A final facet of effective training for youth climbers is flexibility training. While most climbing moves do not require extraordinary flexibility, quickly growing bones and muscles can lead to an increasing sense of tightness that may somewhat limit movement on the rock. Therefore, a moderate amount of daily stretching can go a long way toward maintaining smooth, flexible movement. Gentle stretching of the arms, hips, and legs should be performed as part of a comprehensive warm up before engaging in maximal climbing. Furthermore, engaging in ten to fifteen minutes of stretching each evening (while watching TV or studying) is highly effective in helping relax and lengthen the tired, growing muscles of a hard-training youth.
Ages 16 – 18
As youth climbers approach their adult height, they can begin gradual transition into a more intensive climbing-specific training program. Many of these late-teen climbers will already be highly accomplished and a few will be proven to possess world-class capabilities. Elite-level training techniques, such as one-arm pull-ups, campus laddering, weighted bouldering (say, with a 10-pound belt) can be added incrementally during this multi-year ramp up period. However, fully dynamic double-dyno campus training and advanced hypergravity training protocols are best held off until after the eighteenth birthday (when growth plates fully fuse). Strengthening the antagonist muscles remains essential for maintaining muscle balance, proper posture, and lowering risk of elbow and shoulder injuries—all potential issues for hard-training late-teen and twenty-something climbers.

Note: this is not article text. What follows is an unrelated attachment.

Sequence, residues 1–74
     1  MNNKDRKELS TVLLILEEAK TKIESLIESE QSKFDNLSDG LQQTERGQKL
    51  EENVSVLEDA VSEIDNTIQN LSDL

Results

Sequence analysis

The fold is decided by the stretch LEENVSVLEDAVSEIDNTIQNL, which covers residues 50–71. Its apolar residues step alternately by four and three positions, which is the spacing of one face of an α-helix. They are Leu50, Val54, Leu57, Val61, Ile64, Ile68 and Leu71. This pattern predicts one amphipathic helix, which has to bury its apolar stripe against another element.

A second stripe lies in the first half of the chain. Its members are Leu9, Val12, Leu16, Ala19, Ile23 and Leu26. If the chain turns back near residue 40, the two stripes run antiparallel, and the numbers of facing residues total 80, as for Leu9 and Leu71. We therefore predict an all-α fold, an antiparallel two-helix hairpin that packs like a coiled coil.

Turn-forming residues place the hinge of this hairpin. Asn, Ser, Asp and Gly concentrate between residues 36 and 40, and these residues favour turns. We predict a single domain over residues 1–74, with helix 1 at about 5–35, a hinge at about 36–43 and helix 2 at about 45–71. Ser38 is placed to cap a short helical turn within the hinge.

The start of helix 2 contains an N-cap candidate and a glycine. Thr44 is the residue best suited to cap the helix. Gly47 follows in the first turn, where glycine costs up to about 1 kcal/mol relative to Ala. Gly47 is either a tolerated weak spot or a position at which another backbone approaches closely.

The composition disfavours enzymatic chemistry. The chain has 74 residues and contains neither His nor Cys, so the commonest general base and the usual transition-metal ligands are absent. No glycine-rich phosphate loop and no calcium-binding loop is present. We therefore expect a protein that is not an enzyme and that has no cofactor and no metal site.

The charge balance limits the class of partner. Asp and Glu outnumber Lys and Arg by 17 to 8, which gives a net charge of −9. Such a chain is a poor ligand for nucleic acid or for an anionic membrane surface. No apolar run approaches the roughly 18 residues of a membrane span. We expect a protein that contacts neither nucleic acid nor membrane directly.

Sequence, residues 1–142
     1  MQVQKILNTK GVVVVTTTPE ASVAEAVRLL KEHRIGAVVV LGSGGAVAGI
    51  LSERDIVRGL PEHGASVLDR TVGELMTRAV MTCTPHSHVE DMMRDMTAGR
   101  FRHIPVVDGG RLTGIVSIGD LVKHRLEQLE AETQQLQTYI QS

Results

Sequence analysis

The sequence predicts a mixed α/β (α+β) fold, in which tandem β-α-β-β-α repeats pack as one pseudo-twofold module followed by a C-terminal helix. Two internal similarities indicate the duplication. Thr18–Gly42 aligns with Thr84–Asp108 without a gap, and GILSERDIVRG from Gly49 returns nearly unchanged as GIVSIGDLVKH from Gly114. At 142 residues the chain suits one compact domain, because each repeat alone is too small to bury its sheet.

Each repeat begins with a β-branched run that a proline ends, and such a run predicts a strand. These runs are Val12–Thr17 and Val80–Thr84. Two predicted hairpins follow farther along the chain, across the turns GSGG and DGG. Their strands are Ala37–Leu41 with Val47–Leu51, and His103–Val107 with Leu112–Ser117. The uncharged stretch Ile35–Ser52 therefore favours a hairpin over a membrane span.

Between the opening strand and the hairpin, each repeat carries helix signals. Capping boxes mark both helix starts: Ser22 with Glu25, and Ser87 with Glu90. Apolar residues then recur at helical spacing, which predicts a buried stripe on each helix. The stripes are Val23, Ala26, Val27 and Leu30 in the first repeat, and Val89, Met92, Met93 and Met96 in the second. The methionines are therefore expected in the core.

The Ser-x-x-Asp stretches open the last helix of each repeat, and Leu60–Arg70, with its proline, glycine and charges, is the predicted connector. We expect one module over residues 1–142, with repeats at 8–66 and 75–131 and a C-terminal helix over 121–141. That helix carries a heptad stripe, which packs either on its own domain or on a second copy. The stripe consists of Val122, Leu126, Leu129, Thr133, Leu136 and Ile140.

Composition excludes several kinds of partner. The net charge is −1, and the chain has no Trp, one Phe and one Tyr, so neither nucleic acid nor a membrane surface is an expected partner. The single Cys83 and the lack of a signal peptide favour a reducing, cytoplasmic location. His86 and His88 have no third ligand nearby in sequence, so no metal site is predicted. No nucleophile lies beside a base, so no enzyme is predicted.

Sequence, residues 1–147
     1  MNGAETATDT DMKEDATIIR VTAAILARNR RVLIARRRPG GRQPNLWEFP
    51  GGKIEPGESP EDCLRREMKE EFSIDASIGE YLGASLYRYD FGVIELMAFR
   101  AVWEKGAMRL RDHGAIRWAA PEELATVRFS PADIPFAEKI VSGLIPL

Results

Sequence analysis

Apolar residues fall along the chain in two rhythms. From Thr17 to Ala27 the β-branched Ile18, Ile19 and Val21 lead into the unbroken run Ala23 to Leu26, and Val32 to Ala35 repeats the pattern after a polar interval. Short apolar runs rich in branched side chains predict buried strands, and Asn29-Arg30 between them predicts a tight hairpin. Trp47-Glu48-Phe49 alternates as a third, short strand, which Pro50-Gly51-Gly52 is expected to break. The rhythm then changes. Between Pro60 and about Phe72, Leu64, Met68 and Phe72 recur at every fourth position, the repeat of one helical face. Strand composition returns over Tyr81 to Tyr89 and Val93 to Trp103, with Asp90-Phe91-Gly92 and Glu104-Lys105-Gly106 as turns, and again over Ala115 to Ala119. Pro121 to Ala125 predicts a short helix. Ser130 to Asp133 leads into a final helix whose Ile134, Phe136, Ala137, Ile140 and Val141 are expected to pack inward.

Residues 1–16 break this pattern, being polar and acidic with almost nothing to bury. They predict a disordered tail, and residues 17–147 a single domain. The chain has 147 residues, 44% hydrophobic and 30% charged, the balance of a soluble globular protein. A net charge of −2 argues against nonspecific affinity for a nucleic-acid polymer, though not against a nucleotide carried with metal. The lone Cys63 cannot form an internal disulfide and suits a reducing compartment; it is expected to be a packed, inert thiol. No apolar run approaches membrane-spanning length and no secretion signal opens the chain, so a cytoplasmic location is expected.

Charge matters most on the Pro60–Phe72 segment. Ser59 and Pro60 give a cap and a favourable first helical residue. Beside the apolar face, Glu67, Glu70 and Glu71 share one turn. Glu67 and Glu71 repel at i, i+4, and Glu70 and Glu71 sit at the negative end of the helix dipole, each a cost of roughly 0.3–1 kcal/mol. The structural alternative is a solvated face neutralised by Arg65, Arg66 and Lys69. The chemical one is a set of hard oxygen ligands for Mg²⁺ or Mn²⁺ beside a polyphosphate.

All the while, it’s imperative that the training program remain focused on improving the complete climber—including mental and technical skills—rather than a narrow, impulsive quest for greater strength and power as the sole pathway to improvement. The maturing youth climber should be reminded frequently that further advances in ability often result from mental breakthroughs, and that becoming a true master of rock comes only by way of gaining vast experience on a wide range of climbing situations and settings. Toward this end, a good coach will constantly dovetail physical training with ongoing instruction on advanced climbing techniques, tactics, and the many facets of the mental game.
A final and most important coaching matter involves climbing frequency and the degree of dedication a youngster should make to climbing. Understandably, many youths fall in love with climbing to the point that they would like to make it their one and only recreational/sporting activity. It’s my opinion, however, that single-sport specialization should be discouraged before the age of thirteen (and, ideally, age 17). It’s a fact that today’s talented youths can come to climb at a national-class level (or even better), while at the same participating—and perhaps excelling—in one or two other sports and school, as well! Need proof? Consider 19-year-old superstar, Sasha DiGuilian. In high school Sasha ran cross country and track, climbed a few evenings per week at the gym, and aced her classes at school—and, oh yeah, she also climbed 5.13a at age eleven and 5.14a at age sixteen!
For a more detailed look into youth training for climbing, check out my newly released second edition of Learning to Climb Indoors–this text includes a full chapter on the subject.